Why the Floppy Disk Should Remain the Icon for Save

From a user interface point of view:

“Not just fascinating–it’s also done something that is all too rare: it has formed a uniform standard. Almost every program has a floppy drive disk icon for saving (although fewer now that the technology is obsolete). When the industry and market collectively decide on a uniform standard you don’t fucking change it.

In fact, the floppy drive being obsolete makes the symbol all the better.  Someone who doesn’t even know what the symbol is won’t be getting wrong ideas about what it does (until the first time they see it associated with “save,” which, I remind, only has to be done once before it’s a “save button” and not a “floppy disk button”)–they won’t think that it’s going to eject a disk, navigate a file browser to removable media, or do anything else crazy with a piece of removable media if they don’t even know that’s what a floppy disk is. It’s just a mystery button until 30 minutes into using a computer for the first time in their life when they learn that it is the “save” button.

We have plenty of symbols that are pretty much universally recognized despite not having a solid pictoral representation–why are two rectangles “pause” and a square “stop”? These symbols make no sense but they work perfectly because everyone uses the same ones. The save button is in the same boat, and that’s the best position for it to be in. ”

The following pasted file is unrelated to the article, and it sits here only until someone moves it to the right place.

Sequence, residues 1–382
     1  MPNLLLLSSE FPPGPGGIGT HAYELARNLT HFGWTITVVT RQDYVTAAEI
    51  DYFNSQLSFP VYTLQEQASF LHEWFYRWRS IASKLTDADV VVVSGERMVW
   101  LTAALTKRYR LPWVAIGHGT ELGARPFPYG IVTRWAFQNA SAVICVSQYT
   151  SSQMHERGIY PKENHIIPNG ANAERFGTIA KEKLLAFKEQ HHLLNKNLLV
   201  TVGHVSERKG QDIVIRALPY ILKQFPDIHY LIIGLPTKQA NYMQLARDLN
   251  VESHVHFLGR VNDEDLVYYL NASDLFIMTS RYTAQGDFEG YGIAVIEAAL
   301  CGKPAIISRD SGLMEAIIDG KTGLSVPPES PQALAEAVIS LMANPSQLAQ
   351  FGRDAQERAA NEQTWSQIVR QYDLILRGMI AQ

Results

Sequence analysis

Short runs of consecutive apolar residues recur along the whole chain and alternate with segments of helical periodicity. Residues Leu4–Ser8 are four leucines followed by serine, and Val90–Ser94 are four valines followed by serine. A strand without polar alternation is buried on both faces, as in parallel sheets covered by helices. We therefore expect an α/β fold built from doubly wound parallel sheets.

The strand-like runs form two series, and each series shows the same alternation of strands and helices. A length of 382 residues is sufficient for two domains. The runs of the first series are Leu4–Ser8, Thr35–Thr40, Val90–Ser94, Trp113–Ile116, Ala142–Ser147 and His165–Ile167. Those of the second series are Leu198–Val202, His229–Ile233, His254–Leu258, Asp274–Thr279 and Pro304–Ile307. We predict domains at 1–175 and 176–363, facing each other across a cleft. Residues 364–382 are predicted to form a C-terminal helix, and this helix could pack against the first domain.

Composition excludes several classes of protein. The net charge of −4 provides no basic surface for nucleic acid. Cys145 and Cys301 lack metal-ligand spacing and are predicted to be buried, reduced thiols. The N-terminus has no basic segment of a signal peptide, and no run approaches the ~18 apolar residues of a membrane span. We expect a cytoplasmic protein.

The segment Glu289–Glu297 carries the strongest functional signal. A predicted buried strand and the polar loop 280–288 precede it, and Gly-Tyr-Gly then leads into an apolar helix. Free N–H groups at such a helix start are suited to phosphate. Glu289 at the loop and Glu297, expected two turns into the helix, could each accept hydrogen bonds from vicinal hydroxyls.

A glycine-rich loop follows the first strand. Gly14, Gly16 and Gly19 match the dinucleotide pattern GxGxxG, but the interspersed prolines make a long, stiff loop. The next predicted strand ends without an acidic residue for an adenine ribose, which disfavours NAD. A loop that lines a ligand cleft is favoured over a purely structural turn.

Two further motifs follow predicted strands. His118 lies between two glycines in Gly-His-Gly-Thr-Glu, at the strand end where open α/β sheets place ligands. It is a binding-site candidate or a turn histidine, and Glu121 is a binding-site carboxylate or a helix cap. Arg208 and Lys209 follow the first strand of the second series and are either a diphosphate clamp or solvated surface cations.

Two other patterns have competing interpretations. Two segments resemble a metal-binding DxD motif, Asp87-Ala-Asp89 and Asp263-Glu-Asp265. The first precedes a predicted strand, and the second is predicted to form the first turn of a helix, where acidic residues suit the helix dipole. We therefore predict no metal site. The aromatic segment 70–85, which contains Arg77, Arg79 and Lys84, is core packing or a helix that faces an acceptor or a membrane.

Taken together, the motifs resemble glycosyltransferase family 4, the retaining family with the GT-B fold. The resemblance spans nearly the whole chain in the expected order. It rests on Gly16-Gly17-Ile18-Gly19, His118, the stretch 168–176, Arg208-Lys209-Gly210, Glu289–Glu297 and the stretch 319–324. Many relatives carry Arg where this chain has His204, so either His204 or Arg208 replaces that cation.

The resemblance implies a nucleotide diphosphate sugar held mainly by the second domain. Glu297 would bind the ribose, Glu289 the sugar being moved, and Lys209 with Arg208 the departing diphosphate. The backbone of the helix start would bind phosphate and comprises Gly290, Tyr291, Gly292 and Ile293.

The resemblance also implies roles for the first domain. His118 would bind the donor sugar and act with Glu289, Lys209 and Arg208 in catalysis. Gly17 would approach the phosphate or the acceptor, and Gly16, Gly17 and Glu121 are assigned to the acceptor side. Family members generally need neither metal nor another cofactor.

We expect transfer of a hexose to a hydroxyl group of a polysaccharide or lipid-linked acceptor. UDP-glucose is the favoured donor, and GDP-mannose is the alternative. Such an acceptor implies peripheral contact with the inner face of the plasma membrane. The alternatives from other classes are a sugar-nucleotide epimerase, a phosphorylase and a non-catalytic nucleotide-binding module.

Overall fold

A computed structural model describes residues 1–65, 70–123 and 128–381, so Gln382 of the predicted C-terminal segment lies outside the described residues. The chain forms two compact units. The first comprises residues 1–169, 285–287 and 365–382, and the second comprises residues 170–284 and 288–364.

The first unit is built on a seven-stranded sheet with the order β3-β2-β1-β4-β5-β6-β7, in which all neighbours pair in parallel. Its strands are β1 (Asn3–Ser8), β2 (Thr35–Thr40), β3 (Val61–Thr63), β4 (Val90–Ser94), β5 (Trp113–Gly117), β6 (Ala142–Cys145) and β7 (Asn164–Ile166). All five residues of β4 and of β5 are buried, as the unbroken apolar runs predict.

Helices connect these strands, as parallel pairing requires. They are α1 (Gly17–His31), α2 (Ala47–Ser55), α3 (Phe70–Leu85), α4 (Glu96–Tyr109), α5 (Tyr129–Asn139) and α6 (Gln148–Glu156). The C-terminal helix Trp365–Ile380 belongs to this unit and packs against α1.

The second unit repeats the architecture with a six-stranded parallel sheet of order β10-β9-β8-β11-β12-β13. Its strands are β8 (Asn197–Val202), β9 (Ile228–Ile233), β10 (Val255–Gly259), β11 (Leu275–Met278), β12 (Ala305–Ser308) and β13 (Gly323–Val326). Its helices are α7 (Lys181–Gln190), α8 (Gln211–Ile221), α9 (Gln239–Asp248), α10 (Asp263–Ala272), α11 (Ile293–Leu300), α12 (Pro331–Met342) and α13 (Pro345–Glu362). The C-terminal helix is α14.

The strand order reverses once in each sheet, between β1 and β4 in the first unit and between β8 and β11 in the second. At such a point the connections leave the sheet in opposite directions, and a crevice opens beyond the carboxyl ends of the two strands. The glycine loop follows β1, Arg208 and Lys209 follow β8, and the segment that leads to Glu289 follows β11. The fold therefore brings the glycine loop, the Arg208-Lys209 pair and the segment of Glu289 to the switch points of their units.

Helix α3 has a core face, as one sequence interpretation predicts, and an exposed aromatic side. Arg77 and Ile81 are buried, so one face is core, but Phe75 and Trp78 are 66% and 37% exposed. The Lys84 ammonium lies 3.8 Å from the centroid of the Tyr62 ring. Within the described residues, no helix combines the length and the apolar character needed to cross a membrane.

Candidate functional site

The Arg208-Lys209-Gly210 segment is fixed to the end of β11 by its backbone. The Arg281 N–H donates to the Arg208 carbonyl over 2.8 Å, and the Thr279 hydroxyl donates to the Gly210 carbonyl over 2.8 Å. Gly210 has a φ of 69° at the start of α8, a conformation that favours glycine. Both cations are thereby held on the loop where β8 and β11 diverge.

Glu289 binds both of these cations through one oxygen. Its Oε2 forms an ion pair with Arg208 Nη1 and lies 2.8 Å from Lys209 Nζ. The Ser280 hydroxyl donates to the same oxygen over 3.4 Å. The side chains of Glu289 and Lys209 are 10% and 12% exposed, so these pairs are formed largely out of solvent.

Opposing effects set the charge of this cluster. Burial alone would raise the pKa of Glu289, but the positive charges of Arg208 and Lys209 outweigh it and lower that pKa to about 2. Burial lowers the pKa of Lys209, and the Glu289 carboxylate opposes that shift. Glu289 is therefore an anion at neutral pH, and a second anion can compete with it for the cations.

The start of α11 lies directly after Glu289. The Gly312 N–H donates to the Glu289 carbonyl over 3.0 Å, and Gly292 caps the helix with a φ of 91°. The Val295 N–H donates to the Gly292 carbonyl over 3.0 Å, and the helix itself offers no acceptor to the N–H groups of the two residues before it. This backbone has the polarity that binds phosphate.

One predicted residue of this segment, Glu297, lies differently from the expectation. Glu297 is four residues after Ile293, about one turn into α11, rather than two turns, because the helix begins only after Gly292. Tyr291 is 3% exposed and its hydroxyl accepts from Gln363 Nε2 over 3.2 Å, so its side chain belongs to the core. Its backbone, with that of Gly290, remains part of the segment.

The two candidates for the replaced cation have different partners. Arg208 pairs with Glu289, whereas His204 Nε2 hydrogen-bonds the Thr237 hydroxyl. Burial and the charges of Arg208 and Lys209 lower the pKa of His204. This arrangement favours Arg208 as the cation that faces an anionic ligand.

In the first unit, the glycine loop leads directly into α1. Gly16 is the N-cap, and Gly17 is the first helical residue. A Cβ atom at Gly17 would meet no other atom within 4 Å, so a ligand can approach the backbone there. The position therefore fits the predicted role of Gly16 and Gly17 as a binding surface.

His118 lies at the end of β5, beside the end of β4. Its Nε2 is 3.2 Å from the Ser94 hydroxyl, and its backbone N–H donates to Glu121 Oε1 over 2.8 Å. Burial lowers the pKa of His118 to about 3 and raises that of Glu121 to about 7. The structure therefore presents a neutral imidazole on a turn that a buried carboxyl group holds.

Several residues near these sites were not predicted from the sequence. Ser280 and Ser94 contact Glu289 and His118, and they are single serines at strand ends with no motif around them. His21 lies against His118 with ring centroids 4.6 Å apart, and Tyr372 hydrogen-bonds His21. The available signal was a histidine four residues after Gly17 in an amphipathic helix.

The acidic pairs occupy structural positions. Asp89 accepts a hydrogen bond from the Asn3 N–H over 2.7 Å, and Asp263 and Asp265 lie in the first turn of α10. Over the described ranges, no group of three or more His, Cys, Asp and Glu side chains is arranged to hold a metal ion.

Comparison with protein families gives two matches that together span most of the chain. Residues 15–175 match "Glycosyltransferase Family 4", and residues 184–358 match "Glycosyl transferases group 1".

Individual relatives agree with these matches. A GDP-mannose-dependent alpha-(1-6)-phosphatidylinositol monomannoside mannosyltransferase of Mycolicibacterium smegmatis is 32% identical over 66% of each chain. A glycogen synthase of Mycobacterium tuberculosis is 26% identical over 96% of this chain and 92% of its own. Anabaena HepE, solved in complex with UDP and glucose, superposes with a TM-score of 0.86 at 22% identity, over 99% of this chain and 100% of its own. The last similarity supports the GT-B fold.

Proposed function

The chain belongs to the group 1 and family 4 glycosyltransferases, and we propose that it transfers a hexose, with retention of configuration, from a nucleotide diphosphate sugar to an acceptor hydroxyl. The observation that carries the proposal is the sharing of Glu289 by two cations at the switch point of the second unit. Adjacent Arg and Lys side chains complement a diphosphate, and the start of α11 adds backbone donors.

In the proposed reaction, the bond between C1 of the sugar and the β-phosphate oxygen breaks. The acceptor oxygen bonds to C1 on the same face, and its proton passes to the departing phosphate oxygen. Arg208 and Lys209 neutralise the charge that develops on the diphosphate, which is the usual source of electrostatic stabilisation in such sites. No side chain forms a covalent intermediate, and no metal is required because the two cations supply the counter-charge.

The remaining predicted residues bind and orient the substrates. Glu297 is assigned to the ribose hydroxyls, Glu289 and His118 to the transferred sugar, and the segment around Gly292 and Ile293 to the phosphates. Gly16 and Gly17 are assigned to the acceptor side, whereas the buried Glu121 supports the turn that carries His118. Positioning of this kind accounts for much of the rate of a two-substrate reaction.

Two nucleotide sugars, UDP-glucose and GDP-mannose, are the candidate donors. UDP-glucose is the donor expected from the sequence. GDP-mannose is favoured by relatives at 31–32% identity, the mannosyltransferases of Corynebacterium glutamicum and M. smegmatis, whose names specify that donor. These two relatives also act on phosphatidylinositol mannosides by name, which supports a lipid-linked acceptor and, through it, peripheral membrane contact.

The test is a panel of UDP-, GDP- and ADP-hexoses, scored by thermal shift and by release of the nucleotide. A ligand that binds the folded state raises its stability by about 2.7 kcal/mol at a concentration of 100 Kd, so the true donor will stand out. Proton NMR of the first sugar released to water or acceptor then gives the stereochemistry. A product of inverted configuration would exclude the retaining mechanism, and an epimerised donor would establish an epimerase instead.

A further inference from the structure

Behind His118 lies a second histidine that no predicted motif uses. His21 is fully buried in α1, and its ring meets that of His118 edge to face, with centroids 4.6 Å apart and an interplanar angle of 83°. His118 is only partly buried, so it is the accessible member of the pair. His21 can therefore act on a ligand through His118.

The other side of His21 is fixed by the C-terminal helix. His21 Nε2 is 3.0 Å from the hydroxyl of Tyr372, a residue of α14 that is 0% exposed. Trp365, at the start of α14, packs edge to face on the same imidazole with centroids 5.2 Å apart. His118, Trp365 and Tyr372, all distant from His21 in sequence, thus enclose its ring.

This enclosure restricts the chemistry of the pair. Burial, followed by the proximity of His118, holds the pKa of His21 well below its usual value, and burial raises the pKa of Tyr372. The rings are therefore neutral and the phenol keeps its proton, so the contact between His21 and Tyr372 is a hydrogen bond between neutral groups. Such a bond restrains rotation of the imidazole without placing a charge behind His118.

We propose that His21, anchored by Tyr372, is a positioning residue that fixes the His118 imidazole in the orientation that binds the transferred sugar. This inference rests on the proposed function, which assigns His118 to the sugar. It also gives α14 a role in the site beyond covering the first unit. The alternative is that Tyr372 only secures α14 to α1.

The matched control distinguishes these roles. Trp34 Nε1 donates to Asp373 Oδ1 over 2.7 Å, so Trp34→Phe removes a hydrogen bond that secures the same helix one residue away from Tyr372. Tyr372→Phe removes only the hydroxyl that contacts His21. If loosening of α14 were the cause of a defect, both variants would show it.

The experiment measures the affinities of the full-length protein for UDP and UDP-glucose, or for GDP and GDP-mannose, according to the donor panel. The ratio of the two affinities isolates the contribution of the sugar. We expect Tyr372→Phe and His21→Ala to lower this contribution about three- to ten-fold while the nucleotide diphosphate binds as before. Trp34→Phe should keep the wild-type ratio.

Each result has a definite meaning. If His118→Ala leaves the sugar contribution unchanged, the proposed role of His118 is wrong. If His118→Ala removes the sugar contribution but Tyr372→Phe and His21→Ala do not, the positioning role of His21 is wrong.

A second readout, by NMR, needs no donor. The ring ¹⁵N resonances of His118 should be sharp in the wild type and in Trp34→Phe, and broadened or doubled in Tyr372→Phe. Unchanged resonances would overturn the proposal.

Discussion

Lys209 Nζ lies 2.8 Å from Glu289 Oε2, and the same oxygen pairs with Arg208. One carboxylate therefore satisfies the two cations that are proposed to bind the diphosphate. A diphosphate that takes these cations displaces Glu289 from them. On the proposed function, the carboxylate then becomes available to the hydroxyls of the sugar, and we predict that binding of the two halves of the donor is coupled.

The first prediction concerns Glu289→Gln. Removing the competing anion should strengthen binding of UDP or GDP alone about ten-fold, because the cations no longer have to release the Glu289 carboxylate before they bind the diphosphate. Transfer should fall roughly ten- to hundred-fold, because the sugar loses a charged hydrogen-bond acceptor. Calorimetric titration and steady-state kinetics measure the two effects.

Full thread http://www.reddit.com/r/AskReddit/comments/1uxaeq/what_should_replace_the_floppy_disk_as_the/cemr4ym?context=1

Image from Wikipedia http://en.wikipedia.org/wiki/File:Floppy_disk_2009_G1.jpg





One response to “Why the Floppy Disk Should Remain the Icon for Save”

  1. Mike Swingler Avatar
    Mike Swingler

    A couple of issues here:
    1. No app should require an explicit save, except to “place” the document somewhere (see every app on iOS which opaques this completely from the user)
    2. Using obsolete iconography for a function is not justifiable because “users will only have to learn it once”. Good iconography uses context, cultural cues, and most importantly RECOGNITION to express the concept. You shouldn’t have to learn it, you should already know it.
    3. The world doesn’t need another “pause” and “stop”.

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